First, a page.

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SOLVING DISPUTES


part solving disputes
Disputes are solved by agreement or by court order after determining the relevant facts and law. Both dispute-solving options require first a determination of the facts; the facts then determine the applicable law. The basic facts of WHO did WHAT, WHEN, and WHERE provide an excellent framework to identify the type of relationship eg employer-employee, neighbours, parent-child, etc. The type of relationship identifies the type of legal issues and details that need to be proven. For example, after you have the facts identified, a family law dispute can be separated into the relationships involving children or not. A dispute involving a couple without children does not involve laws such as guardianship, parenting time, parenting responsibilities, and child support. And if the couple is common-law then they do not need a Divorce. The law differs in each Province, State or Country so be sure to retain an experienced lawyer in your jurisdiction to confirm what laws apply to you. For example, in Canada divorce law is a Federal law so it applies to all Provinces but property law is a Provincial law so residency determines which Provincial law applies. Also there might be a choice of laws eg a married couple with children living in British Columbia could apply either the federal Divorce Act or the BC provincial legislation to determine their parenting issues but they still have to apply the BC Family Law Act (FLA) to determine their property issues. We Can Help!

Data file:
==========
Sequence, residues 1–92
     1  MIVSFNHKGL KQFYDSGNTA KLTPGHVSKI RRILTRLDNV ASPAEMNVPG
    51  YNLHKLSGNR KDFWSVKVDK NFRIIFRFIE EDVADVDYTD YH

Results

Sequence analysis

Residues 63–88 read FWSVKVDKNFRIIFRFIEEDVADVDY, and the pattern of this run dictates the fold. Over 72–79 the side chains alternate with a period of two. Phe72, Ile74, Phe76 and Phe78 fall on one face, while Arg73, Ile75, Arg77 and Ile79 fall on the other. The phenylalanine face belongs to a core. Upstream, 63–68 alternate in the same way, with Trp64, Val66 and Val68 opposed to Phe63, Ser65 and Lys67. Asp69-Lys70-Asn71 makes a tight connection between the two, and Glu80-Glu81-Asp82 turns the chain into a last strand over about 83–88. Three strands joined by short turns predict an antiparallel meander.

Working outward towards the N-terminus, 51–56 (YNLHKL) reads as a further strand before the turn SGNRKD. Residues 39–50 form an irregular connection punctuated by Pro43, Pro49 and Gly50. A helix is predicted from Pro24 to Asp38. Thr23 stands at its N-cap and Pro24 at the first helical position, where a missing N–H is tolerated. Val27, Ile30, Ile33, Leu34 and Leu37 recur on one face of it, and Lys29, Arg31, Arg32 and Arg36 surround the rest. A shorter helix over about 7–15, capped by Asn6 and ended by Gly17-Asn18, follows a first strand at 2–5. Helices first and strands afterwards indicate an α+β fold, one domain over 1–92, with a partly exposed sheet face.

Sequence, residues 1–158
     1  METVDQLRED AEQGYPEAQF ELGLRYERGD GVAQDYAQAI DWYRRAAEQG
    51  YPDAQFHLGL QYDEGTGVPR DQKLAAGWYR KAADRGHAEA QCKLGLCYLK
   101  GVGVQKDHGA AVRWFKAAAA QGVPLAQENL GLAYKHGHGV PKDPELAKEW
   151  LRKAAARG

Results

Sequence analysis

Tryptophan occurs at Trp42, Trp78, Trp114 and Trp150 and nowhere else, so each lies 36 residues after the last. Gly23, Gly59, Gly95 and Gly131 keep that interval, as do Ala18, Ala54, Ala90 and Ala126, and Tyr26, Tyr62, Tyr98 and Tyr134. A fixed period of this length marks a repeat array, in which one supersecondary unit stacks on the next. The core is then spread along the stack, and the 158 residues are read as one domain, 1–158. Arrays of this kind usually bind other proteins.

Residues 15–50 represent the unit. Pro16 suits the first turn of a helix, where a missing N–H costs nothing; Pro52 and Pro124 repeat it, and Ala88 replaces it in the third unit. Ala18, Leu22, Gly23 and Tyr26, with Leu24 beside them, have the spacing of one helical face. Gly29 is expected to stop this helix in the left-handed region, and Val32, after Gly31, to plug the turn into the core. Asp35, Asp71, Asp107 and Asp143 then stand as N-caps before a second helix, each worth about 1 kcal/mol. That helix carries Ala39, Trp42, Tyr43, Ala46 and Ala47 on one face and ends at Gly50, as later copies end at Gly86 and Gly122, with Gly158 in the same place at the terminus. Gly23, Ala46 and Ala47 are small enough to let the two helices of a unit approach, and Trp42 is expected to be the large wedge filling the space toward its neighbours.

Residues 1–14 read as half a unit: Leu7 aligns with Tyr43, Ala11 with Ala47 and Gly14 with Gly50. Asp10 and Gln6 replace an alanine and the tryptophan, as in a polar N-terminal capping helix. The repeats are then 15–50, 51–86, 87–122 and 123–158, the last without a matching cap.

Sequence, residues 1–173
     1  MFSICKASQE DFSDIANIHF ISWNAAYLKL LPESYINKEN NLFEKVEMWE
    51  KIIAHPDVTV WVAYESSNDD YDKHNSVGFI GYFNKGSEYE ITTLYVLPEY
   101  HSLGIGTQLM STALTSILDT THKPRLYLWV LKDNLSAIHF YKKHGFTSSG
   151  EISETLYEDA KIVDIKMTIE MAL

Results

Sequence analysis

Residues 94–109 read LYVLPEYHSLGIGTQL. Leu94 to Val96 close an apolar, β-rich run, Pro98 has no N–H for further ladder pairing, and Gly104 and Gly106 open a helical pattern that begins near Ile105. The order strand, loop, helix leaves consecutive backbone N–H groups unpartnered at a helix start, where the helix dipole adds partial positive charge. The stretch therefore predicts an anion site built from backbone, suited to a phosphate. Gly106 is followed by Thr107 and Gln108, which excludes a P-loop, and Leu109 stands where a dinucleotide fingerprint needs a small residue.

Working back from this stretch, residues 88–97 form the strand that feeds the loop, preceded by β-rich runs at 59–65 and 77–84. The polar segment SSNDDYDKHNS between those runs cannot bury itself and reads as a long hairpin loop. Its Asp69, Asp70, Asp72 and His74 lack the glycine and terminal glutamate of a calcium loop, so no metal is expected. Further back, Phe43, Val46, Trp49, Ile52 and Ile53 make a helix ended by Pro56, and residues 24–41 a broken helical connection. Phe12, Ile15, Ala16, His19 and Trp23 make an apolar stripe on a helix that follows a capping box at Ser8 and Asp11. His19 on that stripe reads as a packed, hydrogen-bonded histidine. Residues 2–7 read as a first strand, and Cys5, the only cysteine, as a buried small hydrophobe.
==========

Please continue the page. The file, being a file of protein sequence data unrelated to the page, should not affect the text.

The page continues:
Disputes are solved by agreement or by court order after determining the relevant facts and law. Both dispute-solving options require first a determination of the facts; the facts then determine the applicable law.


The basic facts of WHO did WHAT, WHEN, and WHERE provide an excellent framework to identify the type of relationship eg employer-employee, neighbours, parent-child, etc. The type of relationship identifies the type of legal issues and details that need to be proven.

For example, after you have the facts identified, a family law dispute can be separated into the relationships involving children or not. A dispute involving a couple without children does not involve laws such as guardianship, parenting time, parenting responsibilities, and child support. And if the couple is common-law then they do not need a Divorce.


The law differs in each Province, State or Country so be sure to retain an experienced lawyer in your jurisdiction to confirm what laws apply to you. For example, in Canada divorce law is a Federal law so it applies to all Provinces but property law is a Provincial law so residency determines which Provincial law applies.


Also, there might be a choice of laws eg a married couple with children living in British Columbia could apply either the federal Divorce Act or the BC provincial legislation to determine their parenting issues but they still have to apply the BC Family Law Act (FLA) to determine their property issues.


We Can Help!


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